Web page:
Katrin Schaefer, Philipp Mitteroecker, Bernhard Fink, and Fred L Bookstein (2009)

Psychomorphospace—from biology to perception, and back: towards an integrated quantification of facial form variation

Biological Theory, 4(1):98-106.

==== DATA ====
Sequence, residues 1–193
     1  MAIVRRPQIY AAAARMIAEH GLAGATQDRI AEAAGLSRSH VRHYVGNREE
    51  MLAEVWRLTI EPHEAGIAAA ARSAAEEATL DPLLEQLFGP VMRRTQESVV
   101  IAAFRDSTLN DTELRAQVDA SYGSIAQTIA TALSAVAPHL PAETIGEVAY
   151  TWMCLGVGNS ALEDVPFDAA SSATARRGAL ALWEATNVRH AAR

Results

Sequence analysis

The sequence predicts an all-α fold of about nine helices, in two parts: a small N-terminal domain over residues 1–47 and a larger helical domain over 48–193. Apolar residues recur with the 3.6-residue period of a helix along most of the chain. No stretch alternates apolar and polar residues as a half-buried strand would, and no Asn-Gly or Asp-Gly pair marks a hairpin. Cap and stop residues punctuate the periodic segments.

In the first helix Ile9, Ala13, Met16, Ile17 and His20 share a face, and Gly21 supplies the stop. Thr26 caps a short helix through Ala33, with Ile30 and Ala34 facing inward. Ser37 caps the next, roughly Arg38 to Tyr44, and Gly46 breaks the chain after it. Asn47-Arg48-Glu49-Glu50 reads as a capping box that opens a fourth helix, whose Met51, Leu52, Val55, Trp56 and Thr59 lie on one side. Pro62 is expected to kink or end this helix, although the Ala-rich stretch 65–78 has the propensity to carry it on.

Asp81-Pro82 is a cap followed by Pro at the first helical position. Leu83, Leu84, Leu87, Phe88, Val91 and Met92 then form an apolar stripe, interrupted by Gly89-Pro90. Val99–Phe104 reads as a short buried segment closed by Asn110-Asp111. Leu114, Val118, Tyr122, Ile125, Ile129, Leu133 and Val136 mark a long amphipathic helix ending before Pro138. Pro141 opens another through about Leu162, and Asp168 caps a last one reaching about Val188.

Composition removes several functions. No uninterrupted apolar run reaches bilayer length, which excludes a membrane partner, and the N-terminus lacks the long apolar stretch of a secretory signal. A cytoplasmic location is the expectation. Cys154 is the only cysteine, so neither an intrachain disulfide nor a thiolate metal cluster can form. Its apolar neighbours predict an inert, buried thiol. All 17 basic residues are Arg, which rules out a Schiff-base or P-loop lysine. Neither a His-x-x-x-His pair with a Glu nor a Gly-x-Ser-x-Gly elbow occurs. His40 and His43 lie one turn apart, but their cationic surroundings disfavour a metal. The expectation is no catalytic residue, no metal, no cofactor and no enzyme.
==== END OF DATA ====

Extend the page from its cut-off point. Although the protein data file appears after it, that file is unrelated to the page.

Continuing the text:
Several disciplines share an interest in the evolutionary selection pressures that shaped human physical functioning and appearance, psyche, and behavior. The methodologies invoked from the disciplines studying these domains are often based on different rhetorics, and hence may conflict. Progress in one field is thereby hampered from effective transfer to others. Topics at the intersection of anthropometry and psychometry, such as the impact of sexual selection on the hominin face, are a typical example. Since the underlying (evolutionary) theory explicitly places facial form in the middle of a causal chain as the mediating variable between biological causes and psychological effects, a particularly convenient conceptual and analytic scenario arises as follows. Modern morphometrics allows analysis of shape both “backwards” (by regressions on biology) and “forwards” (via predictions of psychology). The two computations are commensurate, hence the two kinds of effects can be compared and evaluated as directions in the same morphospace. We suggest translating the morphometric methodology of “Darwinian aesthetics” into this space, where psychological and other processes of interest can be coded commensurately. Such a translation permits researchers to relate the effects of biological processes on form to the perceptions of the same processes in one unified “psychomorphospace.”

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